The U.S. Senate passed a $1.1 trillion spending bill late Saturday night, clearing the way for President Barack Obama to sign the bill into law, SIA reports quoting the AA.
The Senate had earlier passed a short-term extension of current spending levels through Wednesday, giving lawmakers time to deliberate the measure.
But defying the need for such a move, the Senate passed the 2015 spending bill in a 56-40 vote, funding the government through Sept. 30, 2015 - the end of next fiscal year.
The spending bill was the most crucial item remaining on Congress' year-end docket. Its passage showed deep divides within Republicans and Democrats, who were nearly evenly split with 31 Democrats joining 24 Republicans in favor of the bill, and 21 Democrats and 18 Republicans voting against it. Two Senate Independents split, with one for and one against.
Obama is expected to sign the 2015 omnibus spending bill into law. While it funds most of the government normally through the end of the fiscal year, it only funds the Department of Homeland Security through Feb. 27. That department is central to Republican efforts to try to get Obama to roll-back executive actions he announced earlier this year to exempt roughly five million undocumented persons from deportation.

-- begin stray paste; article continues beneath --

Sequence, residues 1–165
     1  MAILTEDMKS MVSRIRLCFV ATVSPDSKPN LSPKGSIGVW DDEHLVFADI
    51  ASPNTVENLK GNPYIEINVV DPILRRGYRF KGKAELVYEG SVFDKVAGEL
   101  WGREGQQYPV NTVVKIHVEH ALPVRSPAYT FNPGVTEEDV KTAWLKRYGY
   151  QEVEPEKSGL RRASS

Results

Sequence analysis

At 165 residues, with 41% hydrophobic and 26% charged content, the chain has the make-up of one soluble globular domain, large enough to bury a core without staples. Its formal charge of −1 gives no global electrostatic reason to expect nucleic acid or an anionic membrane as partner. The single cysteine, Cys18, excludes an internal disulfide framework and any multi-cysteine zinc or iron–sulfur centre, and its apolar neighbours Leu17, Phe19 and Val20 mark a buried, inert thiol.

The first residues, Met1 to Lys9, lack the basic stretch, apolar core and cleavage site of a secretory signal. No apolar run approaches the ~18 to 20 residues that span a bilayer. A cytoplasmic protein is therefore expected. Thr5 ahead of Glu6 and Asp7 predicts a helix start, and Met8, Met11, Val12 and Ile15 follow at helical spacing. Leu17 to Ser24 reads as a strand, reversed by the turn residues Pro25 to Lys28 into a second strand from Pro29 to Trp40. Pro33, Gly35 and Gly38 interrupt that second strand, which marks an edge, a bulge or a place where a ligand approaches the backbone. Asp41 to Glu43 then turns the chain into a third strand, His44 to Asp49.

Earlier Saturday, Republican Senator Ted Cruz raised a point-of-order objection to Obama's effort. That measure was defeated in a 22-74 vote. Republicans split on the measure, with 22 for and 20 against. But with Democrats losing control of the Senate at the start of the next year, future efforts may not be so easily defeated.